BTW, this book by Joshua Jay has not lowered my opinion of him in the least.
Message: Posted by: Dan Bernier (May 5, 2010 11:11PM)
Exposure? What about over exposure? :) We hear so much about what people think exposure is, but what about over exposure?

There is sooo much magic stuff being marketed these days, and 75-80% of it is crap. I know, because I pretty much buy everything that gets marketed. Not everything, but almost.(lol)

However, most of it isn't directly marketed to workers, but to hobbyist and the curious minded. I don't think the people marketing the products really care who buys it, just as long as they make money. They keep pushing new products onto the market as fast as they can. While treading the line of ethics with misleading advertisments, and deceptive demo's. When you find out you've ben duped, it's too late, they already have your money. Now, that's real magic folks. (lol)

This is especially true when a magician/creator comes out with a very good trick. It receives great reviews so they pump out more while the plate is hot. Truth is though, they end up marketing crap and hope to cash in from the popularity of their first trick. :) The magic of marketing. :)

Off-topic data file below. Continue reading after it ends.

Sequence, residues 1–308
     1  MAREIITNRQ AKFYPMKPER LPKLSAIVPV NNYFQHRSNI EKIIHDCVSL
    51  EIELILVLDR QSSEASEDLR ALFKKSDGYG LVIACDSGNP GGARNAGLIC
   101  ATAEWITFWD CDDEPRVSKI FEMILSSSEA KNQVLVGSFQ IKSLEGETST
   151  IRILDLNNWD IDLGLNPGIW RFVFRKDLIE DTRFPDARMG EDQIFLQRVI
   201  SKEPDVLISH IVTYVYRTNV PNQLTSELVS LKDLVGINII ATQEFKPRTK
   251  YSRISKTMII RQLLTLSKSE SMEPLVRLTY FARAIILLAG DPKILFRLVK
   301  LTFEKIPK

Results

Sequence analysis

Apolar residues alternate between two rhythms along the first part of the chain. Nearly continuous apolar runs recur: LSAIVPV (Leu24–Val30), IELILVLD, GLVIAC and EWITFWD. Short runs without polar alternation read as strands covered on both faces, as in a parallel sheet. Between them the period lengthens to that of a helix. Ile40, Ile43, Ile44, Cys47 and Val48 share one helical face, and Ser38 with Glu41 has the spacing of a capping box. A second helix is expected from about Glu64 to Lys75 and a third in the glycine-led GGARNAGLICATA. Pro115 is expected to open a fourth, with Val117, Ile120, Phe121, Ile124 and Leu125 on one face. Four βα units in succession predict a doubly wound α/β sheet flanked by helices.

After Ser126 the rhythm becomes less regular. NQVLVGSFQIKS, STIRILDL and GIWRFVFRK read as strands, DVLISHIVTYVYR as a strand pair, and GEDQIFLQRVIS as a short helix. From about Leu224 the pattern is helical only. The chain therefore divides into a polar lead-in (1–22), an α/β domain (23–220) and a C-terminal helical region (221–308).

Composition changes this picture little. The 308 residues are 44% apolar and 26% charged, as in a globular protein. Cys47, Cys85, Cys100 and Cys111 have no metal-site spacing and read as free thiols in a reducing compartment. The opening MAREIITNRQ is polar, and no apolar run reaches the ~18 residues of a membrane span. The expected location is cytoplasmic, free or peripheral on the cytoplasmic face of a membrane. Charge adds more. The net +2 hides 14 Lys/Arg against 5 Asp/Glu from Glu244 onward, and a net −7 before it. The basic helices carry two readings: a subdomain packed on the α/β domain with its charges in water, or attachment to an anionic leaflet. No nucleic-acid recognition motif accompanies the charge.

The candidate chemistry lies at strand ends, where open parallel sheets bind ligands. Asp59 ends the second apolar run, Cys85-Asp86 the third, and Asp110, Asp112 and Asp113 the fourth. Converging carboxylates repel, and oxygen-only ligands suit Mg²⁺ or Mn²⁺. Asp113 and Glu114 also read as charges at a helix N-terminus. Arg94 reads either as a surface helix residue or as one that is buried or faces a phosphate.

Oh, and don't you love it when you hear, "He's contributing to the magic community by revealing one of his secrets that he has been performing for years." Sorry, but the real contributor's to the magic community are those who buy magic products, not those who sell them.

Everyone wants to be a creator now. Forget about actually working for a living, or booking shows. Just sit around, hang with other guys who know magic, and come up with lame stuff that when marketed properly can pay the rent, and have some fun money left over. :)


Who cares about exposure when over exposure is doing the real damage. Well...it's damaging to me, to my wallet anyways.(lol)

The only exposure we should worry about is the indecent kind!
Message: Posted by: the Sponge (May 5, 2010 11:52PM)
[quote]
On 2010-05-05 23:29, truthteller wrote:

Sponge - Personally, I think the prop issue is a line...

But I would want to know more about is why you feel we should start beginners with anything less than the best material.